Keep your mouth shut. Keep your mouth shut.  A million dollars. A million. Beach house. Sun. Sand. Umbrella drinks. Swimming in the sea with dolphins or whales or mermaids or whatever the heck was there.

Johnny ran to the sink, started to dump the fish before he saw the pool!  Out the back door, he ran, me at his heels. I started to shout “No!” but too late. Into the chlorinated pool went the fish. After a moment, I dumped my vaseful in as well.  Why not?

I watched for a moment as many of them started to swim sideways, sinking towards the bottom.

Tick. Tick. Tick.

“We saved them.”

“Yeah, Johnny, we saved them.  Now can we get back to saving ourselves?”

A throat cleared behind us.

“Mr. Rizzio,” I manged to croak out, turning slowly.  Actually, Mr. Rizzio and five of his men.

Oh, shit. “I’m sure you are wondering why we are here, sir.  You see, we heard the crack of your aquarium breaking and thought somebody must be breaking in. So we…. scaled the fence and….and….found all the fish on the floor and…. brought them out here to save them…..”

He wasn’t buying a word.

“You came here for a million fish?” he asked, nodding to the bag of tools at his feet.

I turned back to the pool, staring down at the tiny floating bodies.  This really hadn’t been what I’d expected when dreaming about swimming with the fishes.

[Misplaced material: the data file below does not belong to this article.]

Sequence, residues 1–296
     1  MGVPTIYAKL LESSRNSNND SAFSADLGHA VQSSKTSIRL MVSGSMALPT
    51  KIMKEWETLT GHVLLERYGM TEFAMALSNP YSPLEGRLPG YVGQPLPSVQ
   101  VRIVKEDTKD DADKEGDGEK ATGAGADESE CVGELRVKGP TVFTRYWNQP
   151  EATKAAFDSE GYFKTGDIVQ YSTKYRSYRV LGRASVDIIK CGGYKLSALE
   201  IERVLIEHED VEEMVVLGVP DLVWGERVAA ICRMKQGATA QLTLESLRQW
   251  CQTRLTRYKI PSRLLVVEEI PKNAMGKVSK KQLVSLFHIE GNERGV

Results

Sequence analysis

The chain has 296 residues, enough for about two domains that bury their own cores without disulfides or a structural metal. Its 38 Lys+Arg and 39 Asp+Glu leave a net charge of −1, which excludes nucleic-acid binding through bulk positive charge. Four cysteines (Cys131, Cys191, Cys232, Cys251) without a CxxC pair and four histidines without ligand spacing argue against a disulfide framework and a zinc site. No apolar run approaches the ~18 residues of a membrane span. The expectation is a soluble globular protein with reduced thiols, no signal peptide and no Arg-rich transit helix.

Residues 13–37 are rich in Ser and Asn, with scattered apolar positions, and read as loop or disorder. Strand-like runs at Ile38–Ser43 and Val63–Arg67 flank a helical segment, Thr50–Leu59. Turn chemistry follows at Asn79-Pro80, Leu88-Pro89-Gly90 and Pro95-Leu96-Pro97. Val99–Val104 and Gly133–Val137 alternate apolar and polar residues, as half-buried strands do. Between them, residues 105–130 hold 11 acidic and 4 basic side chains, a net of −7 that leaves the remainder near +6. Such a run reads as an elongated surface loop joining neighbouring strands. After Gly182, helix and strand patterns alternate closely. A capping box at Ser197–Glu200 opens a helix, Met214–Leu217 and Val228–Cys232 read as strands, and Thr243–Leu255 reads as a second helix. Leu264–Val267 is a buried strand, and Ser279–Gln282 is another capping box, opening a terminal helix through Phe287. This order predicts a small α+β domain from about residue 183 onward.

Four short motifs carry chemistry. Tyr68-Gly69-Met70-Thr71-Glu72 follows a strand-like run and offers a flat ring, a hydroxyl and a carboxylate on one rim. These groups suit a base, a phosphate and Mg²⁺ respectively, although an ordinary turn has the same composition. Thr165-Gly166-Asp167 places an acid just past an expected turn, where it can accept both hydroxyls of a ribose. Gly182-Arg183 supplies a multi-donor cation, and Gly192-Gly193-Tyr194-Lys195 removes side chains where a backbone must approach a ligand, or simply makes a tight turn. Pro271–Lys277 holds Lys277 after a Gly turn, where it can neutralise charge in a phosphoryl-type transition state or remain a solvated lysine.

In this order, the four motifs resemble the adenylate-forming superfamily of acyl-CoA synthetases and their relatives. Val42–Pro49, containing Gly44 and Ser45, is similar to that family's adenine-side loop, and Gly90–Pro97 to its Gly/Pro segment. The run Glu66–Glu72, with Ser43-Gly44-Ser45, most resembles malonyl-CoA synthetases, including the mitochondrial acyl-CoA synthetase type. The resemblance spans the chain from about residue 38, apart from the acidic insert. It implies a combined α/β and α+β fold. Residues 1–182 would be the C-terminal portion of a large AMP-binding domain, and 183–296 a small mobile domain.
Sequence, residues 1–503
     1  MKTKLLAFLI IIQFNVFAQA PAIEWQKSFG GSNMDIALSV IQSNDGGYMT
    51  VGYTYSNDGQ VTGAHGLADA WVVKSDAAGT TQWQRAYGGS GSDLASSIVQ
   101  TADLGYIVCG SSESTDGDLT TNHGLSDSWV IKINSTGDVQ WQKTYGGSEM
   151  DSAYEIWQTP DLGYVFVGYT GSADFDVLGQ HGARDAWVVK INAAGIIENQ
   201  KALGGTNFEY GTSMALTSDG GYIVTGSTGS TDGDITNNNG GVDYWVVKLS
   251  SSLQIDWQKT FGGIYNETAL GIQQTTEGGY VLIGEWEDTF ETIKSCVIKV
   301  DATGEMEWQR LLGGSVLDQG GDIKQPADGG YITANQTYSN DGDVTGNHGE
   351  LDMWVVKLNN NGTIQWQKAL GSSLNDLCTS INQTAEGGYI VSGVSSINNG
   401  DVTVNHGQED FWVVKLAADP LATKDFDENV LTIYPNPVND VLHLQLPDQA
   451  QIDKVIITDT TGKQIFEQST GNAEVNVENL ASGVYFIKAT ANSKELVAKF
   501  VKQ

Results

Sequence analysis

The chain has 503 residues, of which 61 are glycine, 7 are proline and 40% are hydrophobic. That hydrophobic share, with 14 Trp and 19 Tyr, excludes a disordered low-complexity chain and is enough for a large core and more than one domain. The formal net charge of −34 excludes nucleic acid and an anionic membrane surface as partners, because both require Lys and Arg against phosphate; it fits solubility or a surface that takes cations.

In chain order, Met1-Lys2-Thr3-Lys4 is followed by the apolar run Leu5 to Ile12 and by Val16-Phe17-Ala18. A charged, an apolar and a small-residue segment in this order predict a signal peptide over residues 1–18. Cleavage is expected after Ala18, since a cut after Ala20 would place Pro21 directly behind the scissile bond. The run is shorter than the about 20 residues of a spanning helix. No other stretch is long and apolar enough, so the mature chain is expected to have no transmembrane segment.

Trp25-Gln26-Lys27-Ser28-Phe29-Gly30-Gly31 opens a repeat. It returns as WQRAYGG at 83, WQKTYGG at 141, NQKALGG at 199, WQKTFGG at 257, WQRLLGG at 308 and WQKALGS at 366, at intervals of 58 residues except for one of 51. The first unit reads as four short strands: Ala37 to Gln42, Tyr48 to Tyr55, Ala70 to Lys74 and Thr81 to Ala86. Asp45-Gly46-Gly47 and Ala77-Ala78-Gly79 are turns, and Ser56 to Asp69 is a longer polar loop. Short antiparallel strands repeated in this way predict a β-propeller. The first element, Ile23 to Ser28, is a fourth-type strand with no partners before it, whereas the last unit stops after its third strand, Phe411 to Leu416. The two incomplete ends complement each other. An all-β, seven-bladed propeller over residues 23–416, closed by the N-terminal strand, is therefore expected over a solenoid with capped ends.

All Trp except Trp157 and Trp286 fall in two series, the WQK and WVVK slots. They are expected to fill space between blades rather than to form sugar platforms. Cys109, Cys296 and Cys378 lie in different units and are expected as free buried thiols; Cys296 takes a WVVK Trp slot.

• A photo prompt and an introductory sentence/ topics to be used as your ‘muse’. They will arrive promptly at midnight each Friday morning.
  • Include the photo prompt and its credits with your story on your blog. Use of the introductory sentence/ topic is optional. Some followers like the introductory sentence ideas.
  • All stories are to be crafted and honed to under 200 words in length.
  • This challenge is open until 11:00 pm Thursday night, March 3rd , 2016.



The opening sentence for the February 26th Flash Fiction for the Purposeful Practitioner: 

“Nothing is ever as easy as it looks…” 

Children weren’t easy no matter what they said. She’d found out the hard way – by having a child. It would have been easier with a partner, a marriage, and not just going it on her own, but she hadn’t wanted a partner. It wasn’t she didn’t trust men, but she didn’t trust men. She’d been hurt too many times to take the chance, must less expose her child to the possibility of divorce. She might have done things different if she’d known, but she hadn’t.

Her eyes drifted to the toys on the shelf above her dresser. It all seemed so long ago. He’d called last night to say hello, he loved her, but he couldn’t come for her birthday. One of the kids was sick. The other was on her first sleepover.

She understood. She’d never wanted to leave him when he was sick. Now, she was the sick one. She’d taken the move to the facility as well as possible. He’d agonized over the decision as had she, but in the end, she’d made the final decision, removed the burden from his shoulders.

Just like they’d said, you never stopped behind a mother. That, after all, was what mothers were for.